Luke carried out the research project “Competitive solution based on Finnish knowledge for management of up- to-date forest resource data in Russia (ISKRA)” to develop a cost-efficient solution for collecting information. “Beyond Visual Line of Sight” (BVLOS) drones were used to cover an area of 18,000 hectares in four days. BVLOS is one of the most promising concepts in the commercial drone world today, as it enables service providers to cover huge areas in a relatively short period of time, with spatial resolution of one cm per pixel. The project partners in Russia received permission to fly BVLOS in the Republic of Karelia, and they followed all local regulations related to obtaining and handling aerial data.

“BVLOS will change the market for commercial drone users, offering a cheaper alternative to current applications such as airplanes and helicopters. The relatively low human involvement will drive costs down, leaving only questions of regulation and data processing. With BVLOS, the latter requires different approaches than those of traditional consumer drones due to the large size of data”, said Eugene Lopatin, senior scientist at Luke.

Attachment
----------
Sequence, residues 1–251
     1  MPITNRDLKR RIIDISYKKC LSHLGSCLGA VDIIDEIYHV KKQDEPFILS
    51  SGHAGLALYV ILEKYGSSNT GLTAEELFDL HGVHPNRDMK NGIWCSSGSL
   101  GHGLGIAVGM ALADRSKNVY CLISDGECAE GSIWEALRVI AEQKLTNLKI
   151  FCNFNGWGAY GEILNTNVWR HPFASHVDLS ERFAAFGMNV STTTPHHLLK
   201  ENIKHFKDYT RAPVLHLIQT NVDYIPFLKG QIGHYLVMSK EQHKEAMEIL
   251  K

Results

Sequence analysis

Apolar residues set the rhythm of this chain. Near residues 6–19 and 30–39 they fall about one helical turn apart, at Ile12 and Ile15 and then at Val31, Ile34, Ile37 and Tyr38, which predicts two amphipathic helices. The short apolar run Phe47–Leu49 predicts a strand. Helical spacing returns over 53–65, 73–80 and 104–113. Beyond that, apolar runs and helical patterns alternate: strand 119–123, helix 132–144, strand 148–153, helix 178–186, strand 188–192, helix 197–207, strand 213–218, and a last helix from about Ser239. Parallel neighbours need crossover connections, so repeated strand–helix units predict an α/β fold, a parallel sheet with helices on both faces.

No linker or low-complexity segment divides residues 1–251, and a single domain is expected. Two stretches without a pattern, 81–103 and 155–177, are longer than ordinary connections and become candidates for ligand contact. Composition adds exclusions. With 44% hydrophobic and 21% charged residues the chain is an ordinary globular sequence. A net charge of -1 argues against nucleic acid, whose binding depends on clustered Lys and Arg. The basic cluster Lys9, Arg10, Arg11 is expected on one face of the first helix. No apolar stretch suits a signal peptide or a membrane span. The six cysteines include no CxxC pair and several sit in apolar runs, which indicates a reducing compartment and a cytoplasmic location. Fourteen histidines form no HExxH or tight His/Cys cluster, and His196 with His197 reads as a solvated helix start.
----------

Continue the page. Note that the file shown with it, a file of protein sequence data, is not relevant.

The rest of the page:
During the ISKRA project, the tree-wise forest inventory was carried out on an 18,000-hectare area leased by the participating pilot company in the Republic of Karelia. A total of 13,652,458 trees were mapped using drone data and data processing algorithms developed for the project. Each tree’s height, breast height diameter, species and age were measured. The project demonstrates a huge potential of drones for smart forest management not only in Russia but also in Finland.

As part of this year’s ForestTECH 2019 series being run in November in both Australia and New Zealand, trials being undertaken with BVLOS and opportunities for local forestry companies will be discussed. Registrations are now open for the conference and associated workshops (some of which limited numbers will apply). Full details on the programmes for both countries can be viewed on the event website; www.foresttech.events.

Source: Natural Resources Institute Finland (Luke)

Photo: The Natural Resources Institute Finland (Luke) used BVLOS drones to carry out tree-wise forest inventory on an area of 18,000 hectares in North-West Russia